The main objective of this study is to develop a high-resolution model capable of simulating the response of bridge structures to hydrodynamic loads for hurricane design conditions (i.e., surge height, wave height, and frequency) expected in the Texas-Louisiana coast. The model relied on Coupled Eulerian-Lagrangian (CEL) techniques where solids are simulated with Lagrangian meshes, while fluids are simulated using Eulerian meshes, and was calibrated using historical data from wave impact laboratory tests. Two high resolution models were created, the first of a tsunami wave impact test conducted at Oregon State University and the second of a bridge located in the Gulf Coast that was heavily impacted by hurricane Katrina. The tsunami wave impact model showed that the CEL technique could provide accurate estimates of wave elevation, water velocity, and wall reaction recorded during the tests at Oregon State University. The bridge model was used to calculate bridge support demands for a representative combination of storm surge, wave velocity and wave length. A parametric study showed that for waves with similar characteristics to those from past hurricanes in the Gulf Coast, calculated connection forces were significantly different for models in which the bridge substructure was included than in models with the common assumption of rigid substructure. Furthermore, the simulations showed that the difference between connection forces calculated with models with rigid and flexible substructure varied for different types of hydrodynamic loading. The findings of this study indicate that it is important to develop a better understanding of the relationship between wave characteristics and dynamic response of the bridge structure before accurate relationships for wave impact forces can be proposed.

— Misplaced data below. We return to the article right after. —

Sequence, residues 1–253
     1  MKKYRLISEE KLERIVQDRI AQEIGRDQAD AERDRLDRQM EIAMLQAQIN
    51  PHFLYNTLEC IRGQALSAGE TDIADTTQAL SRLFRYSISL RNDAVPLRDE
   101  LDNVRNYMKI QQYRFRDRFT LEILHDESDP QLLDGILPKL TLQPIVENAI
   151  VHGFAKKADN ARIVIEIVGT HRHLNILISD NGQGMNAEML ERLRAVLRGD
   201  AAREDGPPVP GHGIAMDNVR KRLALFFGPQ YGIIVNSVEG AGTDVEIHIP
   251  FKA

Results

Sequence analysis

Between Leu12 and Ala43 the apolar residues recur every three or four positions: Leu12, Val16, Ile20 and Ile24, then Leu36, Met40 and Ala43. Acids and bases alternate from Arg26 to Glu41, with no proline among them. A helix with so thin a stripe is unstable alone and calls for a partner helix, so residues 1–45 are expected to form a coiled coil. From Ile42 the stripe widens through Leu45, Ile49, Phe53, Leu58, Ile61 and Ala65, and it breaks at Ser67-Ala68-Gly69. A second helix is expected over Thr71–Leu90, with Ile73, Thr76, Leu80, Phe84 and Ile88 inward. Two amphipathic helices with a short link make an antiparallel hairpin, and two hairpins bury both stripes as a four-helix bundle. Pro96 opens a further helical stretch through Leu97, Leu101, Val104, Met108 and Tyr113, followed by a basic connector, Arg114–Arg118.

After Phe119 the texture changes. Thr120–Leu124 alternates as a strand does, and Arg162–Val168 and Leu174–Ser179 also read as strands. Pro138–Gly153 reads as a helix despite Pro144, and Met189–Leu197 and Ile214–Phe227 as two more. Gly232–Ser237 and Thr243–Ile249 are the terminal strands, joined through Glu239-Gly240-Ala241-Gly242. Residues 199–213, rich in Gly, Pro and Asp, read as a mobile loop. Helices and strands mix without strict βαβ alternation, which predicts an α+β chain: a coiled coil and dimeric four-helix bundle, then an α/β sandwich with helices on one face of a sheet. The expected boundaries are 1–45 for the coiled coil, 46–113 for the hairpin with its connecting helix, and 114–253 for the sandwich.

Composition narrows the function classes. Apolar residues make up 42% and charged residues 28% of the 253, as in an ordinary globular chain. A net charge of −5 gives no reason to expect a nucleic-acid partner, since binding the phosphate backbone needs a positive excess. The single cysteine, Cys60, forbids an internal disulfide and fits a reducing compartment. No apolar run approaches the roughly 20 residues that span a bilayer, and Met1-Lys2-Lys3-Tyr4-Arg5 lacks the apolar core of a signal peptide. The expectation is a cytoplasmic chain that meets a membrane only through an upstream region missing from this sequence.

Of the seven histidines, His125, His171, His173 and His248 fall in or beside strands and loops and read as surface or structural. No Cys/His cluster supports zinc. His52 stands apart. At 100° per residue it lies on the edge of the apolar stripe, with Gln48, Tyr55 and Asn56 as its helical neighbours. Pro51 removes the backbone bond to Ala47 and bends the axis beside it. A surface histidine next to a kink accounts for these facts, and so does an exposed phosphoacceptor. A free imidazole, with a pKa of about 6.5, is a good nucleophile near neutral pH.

Matamoros, A., & Testik, F. (2018). Coastal Bridges under Hurricane Stresses along the Texas and Louisiana Coast. Retrieved from https://digitalcommons.lsu.edu/transet_pubs/29